WASHINGTON — Two Republican senators said Monday that they’ll propose legislation that lets states keep former President Barack Obama’s health care overhaul or opt for a new program providing trimmed-down coverage.
The plan by Sens. Bill Cassidy of Louisiana and Susan Collins of Maine would retreat from years of GOP cries to repeal Obama’s law and replace it with a still undefined Republican alternative. It comes as GOP lawmakers face pressure from President Donald Trump to quickly void and replace the health law and as Republicans continue hunting for a proposal that would unite them.
“It has been a Republican principle that power is best held by individuals and states, not the federal government,” Cassidy told reporters.
Trump has said he wants to keep some of the Obama overhaul’s consumer protections, like requiring insurers to cover people with pre-existing medical problems. Collins and Cassidy said their bill preserves many of those.
But Trump and congressional GOP leaders have not suggested letting states retain the entire statute. Such a proposal could dismay conservative voters who for years have viewed Republican calls to repeal the law as a top-tier promise and goal.
Cassidy said he’s discussed the proposal with Senate Majority Leader Mitch McConnell, R-Ky., who he said is “waiting to see how this plays out.”
Cassidy described the senators’ proposal as a way to help Republicans overcome a key obstacle: To enact a full replacement for Obama’s law, they will need 60 Senate votes in a chamber they control by just 52-48.
“If you can say to a blue-state senator who’s really invested in supporting Obamacare, you can keep Obamacare but why force it upon us, we think that helps us get to 60,” Cassidy said, using the law’s nickname.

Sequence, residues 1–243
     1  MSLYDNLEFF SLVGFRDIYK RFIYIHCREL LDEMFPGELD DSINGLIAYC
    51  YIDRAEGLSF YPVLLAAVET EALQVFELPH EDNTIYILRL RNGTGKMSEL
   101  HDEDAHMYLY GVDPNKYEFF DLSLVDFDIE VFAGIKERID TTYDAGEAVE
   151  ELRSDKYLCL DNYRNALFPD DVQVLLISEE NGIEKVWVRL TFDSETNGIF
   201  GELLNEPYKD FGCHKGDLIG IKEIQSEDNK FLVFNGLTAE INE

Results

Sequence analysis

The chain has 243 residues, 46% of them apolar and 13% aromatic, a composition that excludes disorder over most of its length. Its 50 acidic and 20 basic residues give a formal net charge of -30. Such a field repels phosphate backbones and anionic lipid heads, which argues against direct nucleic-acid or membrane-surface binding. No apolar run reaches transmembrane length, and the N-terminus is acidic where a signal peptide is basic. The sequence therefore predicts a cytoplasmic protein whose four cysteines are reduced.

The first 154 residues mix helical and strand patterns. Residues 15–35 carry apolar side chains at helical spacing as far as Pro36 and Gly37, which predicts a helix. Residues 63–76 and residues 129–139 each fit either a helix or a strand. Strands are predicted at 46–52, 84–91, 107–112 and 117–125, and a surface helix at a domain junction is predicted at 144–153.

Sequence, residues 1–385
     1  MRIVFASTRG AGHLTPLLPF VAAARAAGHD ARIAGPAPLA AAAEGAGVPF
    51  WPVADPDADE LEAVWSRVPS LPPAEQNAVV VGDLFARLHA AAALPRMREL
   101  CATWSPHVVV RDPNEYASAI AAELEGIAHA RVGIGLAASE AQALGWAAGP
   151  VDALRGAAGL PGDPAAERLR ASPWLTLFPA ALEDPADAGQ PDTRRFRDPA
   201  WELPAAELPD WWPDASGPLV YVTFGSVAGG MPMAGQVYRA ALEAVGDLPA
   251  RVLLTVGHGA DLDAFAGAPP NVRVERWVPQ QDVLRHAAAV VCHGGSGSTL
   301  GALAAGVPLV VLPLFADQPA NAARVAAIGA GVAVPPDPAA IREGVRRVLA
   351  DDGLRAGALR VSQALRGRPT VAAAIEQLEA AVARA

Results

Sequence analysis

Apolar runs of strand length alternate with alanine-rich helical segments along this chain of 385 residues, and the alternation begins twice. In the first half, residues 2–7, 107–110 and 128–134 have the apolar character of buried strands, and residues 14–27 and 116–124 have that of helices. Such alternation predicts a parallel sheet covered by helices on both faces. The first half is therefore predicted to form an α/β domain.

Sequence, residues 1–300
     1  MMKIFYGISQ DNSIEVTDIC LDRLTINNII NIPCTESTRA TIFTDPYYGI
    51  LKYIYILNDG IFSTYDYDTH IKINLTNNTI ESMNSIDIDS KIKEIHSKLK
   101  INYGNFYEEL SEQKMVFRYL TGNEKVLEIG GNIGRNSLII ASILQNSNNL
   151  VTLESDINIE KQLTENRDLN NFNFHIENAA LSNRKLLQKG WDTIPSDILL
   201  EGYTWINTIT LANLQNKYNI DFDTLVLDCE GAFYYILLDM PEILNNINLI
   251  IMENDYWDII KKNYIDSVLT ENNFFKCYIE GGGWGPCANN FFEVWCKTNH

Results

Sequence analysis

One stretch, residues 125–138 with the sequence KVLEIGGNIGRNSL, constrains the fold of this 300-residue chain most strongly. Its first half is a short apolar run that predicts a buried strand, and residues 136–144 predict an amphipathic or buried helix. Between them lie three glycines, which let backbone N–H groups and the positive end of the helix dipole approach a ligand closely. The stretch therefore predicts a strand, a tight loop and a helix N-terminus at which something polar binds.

Collins said the bill is still being written but would protect families and give insurers time to transition to new programs. She said if Republicans don’t advance legislation and start the health care debate, “Then we will fail the American people.”
Senate Minority Leader Chuck Schumer, D-N.Y., said the GOP measure would reduce care and drive up medical costs for consumers.
“Ultimately, this proposal is an empty facade that would create chaos — not care — for millions of Americans,” he said.
If states decide against keeping Obama’s statute, the senators’ proposal would let them adopt a program that charges consumers a high deductible and helps cover some basic medical services like emergency care and prescriptions.
Insurers would not be allowed to refuse coverage to people with pre-existing medical problems, and money states would get under existing law would instead go to patients in the form of a tax-advantaged health savings account they’d use to pay for care.
States could also design their own programs but would receive no federal payments if they did.
Congressional leaders of both parties met with Trump on Monday at the White House, with participants saying they discussed health care and other issues, including infrastructure.
No. 2 Senate GOP leader John Cornyn of Texas said Trump told them he intended to enact an alternative that is “better and more affordable” than Obama’s overhaul. Cornyn said that prompted pushback from Congress’ two top Democrats, House Minority Leader Nancy Pelosi of California and Senate Minority Leader Chuck Schumer of New York, but he and others said the conversation was not specific.
House Speaker Paul Ryan, R-Wis., met with administration officials later in the Capitol, with Vice President Mike Pence saying, “Good progress tonight.” Later this week, congressional Republicans will stage a retreat in Philadelphia at which health care will be a chief topic.
Also late Monday, a memo prepared for Tuesday’s Senate Finance Committee hearing on Trump’s nomination of Rep. Tom Price, R-Ga., to become health secretary said that in financial disclosure forms he’s filed, Price undervalued around 400,000 shares of stock he purchased last August in an Australian drug company.
The bipartisan staff memo, obtained by The Associated Press, said Price reported the shares were worth $50,000 to $100,000, based on the purchase price then. Those shares were worth up to $250,000 when he filed his forms to the Finance committee in December, the report said.
The shares are in Innate Immunotherapeutics Ltd., which Democrats have accused Price of purchasing based on insider information. Price has denied that.
The memo said Price had omitted from submitted forms any mention of a 2010 House Ethics Committee investigation into his campaign fundraising that was later dropped, as well as late tax payments and improper deductions involving rental properties.